Maxims for Vertebrates (Policies and Behavioral Logic)

and how chasing your tail makes sense.

Policies are guides to how we’d like to live our lives. Maxims are the behavioral logic that guide proper description.

“If the situation calls for a person to do something he can’t do, he will do something he can do instead,” is different from the more ……

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#Psychology

New Giveaway: Financial Social Work Certification Enrollment

To celebrate the forthcoming launch of our latest certification program update, Financial Social Work Certification 3.0, we are hosting another amazing free giveaway! Fill out the form to the right and enter to win one of three enrollments into the Financial Social Work Certification Program!…

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#Education, #Giveaways, #Research, #SocialWork, #Tech, #Technology

Mindfulness protects adults from physical, mental health consequences of childhood abuse, neglect

Fact #1: People who were abused and neglected when they were kids have poorer physical and mental health. The more types of ACEs (adverse childhood experiences) – physical abuse, an alcoholic father, an abused mother, etc. – the higher the risk of heart disease, depression, diabetes, obesity, being violent or experiencing violence. Got an ACE score of 4 or more? Your risk of heart disease increases 200%. Your risk of suicide increases 1200%….

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#Academic, #Compassion, #Healthcare, #Neurobiology, #PublicHealth, #Research, #Violence

Release of Confronting Commercial Sexual Exploitation and Sex Trafficking of Minors in the United States: Guide for Health Care Sector_Part 1

The Institute of Medicine and National Research Council has recently released an abridged version of the 2013 “Confronting Commercial Sexual Exploitation and Sex Trafficking of Minors in the United States” specifically developed for the health care sector. The original, a dense report at 465 pages, was fi ……

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#HumanTrafficking, #MentalHealth, #PublicHealth, #SexualExploitation

Destigmatize & Demystify: National Recovery Month

September is National Recovery month, which is now in its 25th year!  “National Recovery Month is a national observance that educates Americans on the fact that addiction treatment and mental health services can enable those with a mental and/or substance use disorder to live a healthy and rewarding life. The observance’s main focus is to laud the gains made by those in recovery from these conditions, just as we would those who are managing other health conditions such as hypertension, diabetes, asthma, and heart disease.” …

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#Addiction, #Recoverymonth, #SubstanceAbuse

Flux Caused By Job Changes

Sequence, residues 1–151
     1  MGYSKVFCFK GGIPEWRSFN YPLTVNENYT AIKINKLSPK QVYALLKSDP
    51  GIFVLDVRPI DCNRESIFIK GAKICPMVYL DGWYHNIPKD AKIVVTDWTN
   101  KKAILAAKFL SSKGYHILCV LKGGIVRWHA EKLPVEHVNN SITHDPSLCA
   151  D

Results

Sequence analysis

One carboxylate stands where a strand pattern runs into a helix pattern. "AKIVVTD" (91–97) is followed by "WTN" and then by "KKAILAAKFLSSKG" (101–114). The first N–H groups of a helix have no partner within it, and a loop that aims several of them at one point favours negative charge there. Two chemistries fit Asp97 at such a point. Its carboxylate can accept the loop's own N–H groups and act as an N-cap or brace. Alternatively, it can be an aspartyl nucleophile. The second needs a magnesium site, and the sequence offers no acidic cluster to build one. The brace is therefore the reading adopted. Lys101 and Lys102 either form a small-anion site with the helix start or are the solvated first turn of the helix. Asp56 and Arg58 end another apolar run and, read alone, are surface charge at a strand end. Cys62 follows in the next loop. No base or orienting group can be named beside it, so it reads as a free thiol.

I’ve read over the years how many people will in their lifetime change jobs about 8 or 9 times, and change fields entirely 3 or 4 times. That’s quite comforting actually if you find yourself in that position not by choice but by necessity. The anxiety and stress that can come on in this period is ever so slightly mitigated when you come to the realization that this is a normal thing; not something specific to you alone.

You can perhaps draw on your own life experience, but for those just starting out in their careers, or those who got their current job right out of University or College and have yet to experience this, I’m happy to provide examples. …

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#Employment, #EmploymentCounsellor, #JobSearchAdvice, #Released

Compassion Across Borders: International Disparities in the Vocation of Healthcare Providers

The following essay was the first-prize winner of the Fordham University Center for Ethics Education’s 2014 Dr. Kuo York and M. Noelle Chynn Undergraduate Prize in Ethics, an essay competition to stimulate self-examination about concepts of ethics and morality encountered personally or as a concerned member of society. The Chynn Prize is funded by the Chynn Family Foundation. 

By: Michael Menconi

Patient names have been changed to ensure confidentiality and protect privacy.

Healthcare professionals often refer to their careers in medicine as a life purpose—their “calling” is to treat the sick, mend the injured, comfort the vulnerable, and instill courage in those who have lost all hope. Doctors have a moral, ethical, and professional obligation—or perhaps duty—to do no harm and perform acts of healing, both of which were fundamental virtues established by the Hippocratic Oath over five centuries ago. For a field with such an extensive, prolific history of emphasizing compassion and care for those in need, it is expected (and often assumed) that healthcare providers treat every patient with a fundamental respect for the human condition, unwavering empathy, and superior levels of social and cultural competency. …

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#Addiction, #ChynnPrize, #DrugUse, #FordhamUniversity, #Poverty